• Meanwhile, Liberal Party vetting processes have caused the withdrawal on Section 44 grounds of three candidates in who-cares seats in Melbourne. They are Cooper candidate Helen Jackson, who dug her heels in when told her no-chance candidacy required her to abandon her job at Australia Post, so that the integrity of executive-legislative relations might be preserved; Lalor candidate Kate Oski, who is in danger of being Polish; and Wills candidate Vaishali Ghosh, who was, as The Age put it in a report I hope no one from overseas reads, “forced to step aside over her Indian heritage”.

• Peter Dutton has been under fire for his rhetorical overreach against Ali France, the Labor candidate in his marginal seat of Dickson. Dutton accused France, who had her leg amputated after being hit by a car in 2011, of “using her disability as an excuse” for not moving into the electorate. France lives a short distance outside it, and points to the $100,000 of her compensation money she has spent making her existing home fully wheelchair accessible. Labor has taken the opportunity to point to Dutton’s failed attempt from 2009 to move to the safer seat of McPherson on the Gold Coast, where he owns a $2.3 million beachside holiday home, and by all accounts spends a great deal of his time. Dutton refused to apologise for the comments yesterday, while Scott Morrison baselessly asserted that they were taken out of context.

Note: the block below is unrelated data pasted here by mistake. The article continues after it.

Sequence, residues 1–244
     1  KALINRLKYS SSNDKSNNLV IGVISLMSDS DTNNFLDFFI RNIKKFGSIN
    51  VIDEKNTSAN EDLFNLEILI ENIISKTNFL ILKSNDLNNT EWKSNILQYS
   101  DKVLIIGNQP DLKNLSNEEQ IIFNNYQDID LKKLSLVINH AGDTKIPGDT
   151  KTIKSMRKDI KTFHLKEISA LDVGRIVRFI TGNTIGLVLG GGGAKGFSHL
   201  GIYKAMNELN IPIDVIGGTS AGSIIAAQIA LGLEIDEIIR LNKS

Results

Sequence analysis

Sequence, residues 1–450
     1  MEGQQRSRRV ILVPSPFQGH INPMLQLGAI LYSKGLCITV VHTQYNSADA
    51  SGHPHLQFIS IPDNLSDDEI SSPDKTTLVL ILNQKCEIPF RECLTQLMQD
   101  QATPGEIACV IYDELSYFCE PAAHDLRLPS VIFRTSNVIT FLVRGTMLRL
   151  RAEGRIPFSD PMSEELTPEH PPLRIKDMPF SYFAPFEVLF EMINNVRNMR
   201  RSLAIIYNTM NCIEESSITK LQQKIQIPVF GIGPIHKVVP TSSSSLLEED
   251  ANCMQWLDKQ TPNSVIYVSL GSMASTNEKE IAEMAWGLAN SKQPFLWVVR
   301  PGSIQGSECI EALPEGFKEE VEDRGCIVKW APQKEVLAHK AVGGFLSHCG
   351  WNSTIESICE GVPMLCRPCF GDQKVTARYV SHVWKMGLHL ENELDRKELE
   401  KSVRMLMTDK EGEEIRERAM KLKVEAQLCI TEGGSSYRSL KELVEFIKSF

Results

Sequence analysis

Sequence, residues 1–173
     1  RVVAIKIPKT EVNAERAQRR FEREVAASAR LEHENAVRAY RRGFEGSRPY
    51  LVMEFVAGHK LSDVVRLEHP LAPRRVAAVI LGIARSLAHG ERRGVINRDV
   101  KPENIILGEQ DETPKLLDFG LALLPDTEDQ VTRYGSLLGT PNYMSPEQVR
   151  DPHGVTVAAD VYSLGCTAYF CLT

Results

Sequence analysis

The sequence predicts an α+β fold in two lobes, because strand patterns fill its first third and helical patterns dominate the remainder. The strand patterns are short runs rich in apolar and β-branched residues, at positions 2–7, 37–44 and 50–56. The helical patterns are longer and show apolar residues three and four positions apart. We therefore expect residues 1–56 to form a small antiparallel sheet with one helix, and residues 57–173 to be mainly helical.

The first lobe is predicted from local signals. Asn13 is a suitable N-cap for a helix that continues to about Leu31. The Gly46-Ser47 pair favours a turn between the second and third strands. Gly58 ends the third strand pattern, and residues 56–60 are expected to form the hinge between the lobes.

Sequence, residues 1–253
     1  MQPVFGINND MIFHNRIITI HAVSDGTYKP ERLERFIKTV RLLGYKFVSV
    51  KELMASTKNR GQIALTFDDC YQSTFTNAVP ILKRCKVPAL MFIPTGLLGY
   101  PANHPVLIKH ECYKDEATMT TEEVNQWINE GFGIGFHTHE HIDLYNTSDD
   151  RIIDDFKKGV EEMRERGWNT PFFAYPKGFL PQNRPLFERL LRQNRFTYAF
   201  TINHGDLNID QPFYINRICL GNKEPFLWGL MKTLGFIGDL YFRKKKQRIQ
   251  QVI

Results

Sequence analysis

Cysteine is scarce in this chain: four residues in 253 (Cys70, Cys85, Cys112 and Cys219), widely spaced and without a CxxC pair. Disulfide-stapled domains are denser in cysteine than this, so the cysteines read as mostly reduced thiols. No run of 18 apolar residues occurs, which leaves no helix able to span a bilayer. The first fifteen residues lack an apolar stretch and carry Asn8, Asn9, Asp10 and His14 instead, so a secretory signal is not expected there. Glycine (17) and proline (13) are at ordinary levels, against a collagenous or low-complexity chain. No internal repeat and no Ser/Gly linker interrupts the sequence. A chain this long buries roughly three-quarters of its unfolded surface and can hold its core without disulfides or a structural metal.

Greg Brown of The Australian reports Robert Borsak, leader of Shooters Fishers and Farmers and one of the party’s state upper house MPs, concedes the party is struggling to recruit candidates, and will not repeat its state election feat of winning seats in the lower house. Nonetheless, it has Orange deputy mayor Sam Romano lined up as its candidate for Calare and plans to run in Eden-Monaro, Parkes and possibly New England. This follows suggestions the party might pose a threat to the Nationals in Parkes and Farrer, which largely correspond with the state seats of Barwon and Murray, which the party won at last month’s state election. Calare encompasses Orange, which Shooters have held since a November 2016 by-election.